Nigeria’s Missing Daughters: What a Hashtag Might Do


On the night of April 14, 2014, armed men of Nigeria’s puritanical Boko Haram movement drove cargo trucks across the arid scrubland of northeast Nigeria, rumbling up an unlit, dirt road in the town of Chibok. They stopped at the Government Girls’ Secondary School. Shouting in the dark, they ordered the more than 200 boarding school students, ages fifteen to eighteen, out of their dormitory rooms. The men loaded the girls, at gunpoint, onto the trucks and drove them into the desolate lands of the Nigeria-Cameroon border zone.


At first, the kidnappings received scant attention outside Nigeria, but in May, the story exploded on social media in the United States and internationally. Bronwyn Bruton, deputy director of the Atlantic Council’s Africa Center, discusses the pressures that the social media campaign is putting on Nigeria’s government — and whether it also might risk encouraging Boko Haram to attempt more such attacks.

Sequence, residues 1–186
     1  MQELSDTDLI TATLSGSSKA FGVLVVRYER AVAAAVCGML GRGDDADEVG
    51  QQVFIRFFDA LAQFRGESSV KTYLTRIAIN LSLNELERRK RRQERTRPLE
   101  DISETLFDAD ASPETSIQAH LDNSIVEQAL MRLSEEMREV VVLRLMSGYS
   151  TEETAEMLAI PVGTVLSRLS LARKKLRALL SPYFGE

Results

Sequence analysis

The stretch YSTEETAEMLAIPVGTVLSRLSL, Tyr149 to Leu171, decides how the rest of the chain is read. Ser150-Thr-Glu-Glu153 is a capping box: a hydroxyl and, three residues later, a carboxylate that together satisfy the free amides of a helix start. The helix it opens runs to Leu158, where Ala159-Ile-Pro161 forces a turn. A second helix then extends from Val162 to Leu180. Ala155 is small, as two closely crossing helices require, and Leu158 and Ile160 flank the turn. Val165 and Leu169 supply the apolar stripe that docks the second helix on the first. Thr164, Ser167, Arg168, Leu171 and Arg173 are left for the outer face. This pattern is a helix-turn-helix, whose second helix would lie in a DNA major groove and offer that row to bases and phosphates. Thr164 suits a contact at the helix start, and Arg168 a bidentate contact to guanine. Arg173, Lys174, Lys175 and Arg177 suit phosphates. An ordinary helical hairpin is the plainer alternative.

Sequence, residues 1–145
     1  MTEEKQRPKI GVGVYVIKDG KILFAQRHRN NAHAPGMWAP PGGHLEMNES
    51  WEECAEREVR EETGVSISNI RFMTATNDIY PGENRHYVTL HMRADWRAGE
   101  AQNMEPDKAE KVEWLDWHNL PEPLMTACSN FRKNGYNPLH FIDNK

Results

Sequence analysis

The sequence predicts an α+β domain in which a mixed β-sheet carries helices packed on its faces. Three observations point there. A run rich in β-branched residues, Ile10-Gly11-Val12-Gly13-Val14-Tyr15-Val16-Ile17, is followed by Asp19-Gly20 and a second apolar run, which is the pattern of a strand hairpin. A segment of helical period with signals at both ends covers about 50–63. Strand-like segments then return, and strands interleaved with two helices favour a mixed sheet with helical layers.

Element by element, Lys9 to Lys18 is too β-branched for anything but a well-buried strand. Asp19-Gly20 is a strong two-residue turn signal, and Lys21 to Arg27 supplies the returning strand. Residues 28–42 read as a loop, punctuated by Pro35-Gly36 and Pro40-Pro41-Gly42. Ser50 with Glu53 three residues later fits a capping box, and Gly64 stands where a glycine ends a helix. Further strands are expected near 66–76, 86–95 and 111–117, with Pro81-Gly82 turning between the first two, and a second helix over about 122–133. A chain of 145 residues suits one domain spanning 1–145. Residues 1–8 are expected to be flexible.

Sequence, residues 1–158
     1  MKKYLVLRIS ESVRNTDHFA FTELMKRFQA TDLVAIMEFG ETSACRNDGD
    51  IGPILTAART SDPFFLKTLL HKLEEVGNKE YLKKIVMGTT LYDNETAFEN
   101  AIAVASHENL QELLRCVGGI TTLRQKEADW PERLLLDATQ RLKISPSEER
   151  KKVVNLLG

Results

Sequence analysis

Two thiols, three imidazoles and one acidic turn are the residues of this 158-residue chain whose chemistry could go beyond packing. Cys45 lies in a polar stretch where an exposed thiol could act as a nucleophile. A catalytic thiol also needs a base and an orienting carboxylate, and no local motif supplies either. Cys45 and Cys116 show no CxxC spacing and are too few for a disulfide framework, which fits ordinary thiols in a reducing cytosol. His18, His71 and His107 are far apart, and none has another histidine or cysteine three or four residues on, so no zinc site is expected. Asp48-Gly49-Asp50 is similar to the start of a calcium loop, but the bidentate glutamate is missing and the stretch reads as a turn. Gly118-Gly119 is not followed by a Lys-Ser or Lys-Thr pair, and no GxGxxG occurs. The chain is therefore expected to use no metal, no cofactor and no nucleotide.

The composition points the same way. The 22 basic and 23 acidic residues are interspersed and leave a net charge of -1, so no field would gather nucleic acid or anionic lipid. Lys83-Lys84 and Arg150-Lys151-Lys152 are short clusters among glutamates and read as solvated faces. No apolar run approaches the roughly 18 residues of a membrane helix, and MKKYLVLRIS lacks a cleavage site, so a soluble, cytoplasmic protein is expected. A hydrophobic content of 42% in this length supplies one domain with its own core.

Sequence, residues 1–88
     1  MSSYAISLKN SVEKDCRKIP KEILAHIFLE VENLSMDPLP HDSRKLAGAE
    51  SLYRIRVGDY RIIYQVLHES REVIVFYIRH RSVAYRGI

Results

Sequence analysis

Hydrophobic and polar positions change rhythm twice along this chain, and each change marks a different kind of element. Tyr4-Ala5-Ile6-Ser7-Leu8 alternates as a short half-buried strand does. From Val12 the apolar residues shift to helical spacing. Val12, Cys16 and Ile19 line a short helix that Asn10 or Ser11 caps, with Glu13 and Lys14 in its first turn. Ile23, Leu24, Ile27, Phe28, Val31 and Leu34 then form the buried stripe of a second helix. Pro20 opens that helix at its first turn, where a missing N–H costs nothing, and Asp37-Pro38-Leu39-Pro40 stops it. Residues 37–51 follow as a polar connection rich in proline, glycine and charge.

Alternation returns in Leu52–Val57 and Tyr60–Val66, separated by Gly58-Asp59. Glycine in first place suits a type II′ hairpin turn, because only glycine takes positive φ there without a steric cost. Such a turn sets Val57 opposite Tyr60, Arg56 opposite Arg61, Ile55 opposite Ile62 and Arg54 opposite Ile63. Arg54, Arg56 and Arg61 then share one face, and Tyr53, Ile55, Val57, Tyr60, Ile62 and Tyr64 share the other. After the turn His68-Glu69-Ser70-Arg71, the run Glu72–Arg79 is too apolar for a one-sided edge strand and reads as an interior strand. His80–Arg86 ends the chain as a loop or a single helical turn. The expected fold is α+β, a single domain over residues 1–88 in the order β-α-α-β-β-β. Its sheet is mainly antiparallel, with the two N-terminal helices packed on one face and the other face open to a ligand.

Why has the international response to the Nigerian schoolgirl kidnappings been so huge on social media? Africa Center Deputy Director Bronwyn Bruton spoke recently on the social media campaign and its possible implications. See more video of her interview and images of the #Bring Back Our Girls campaign.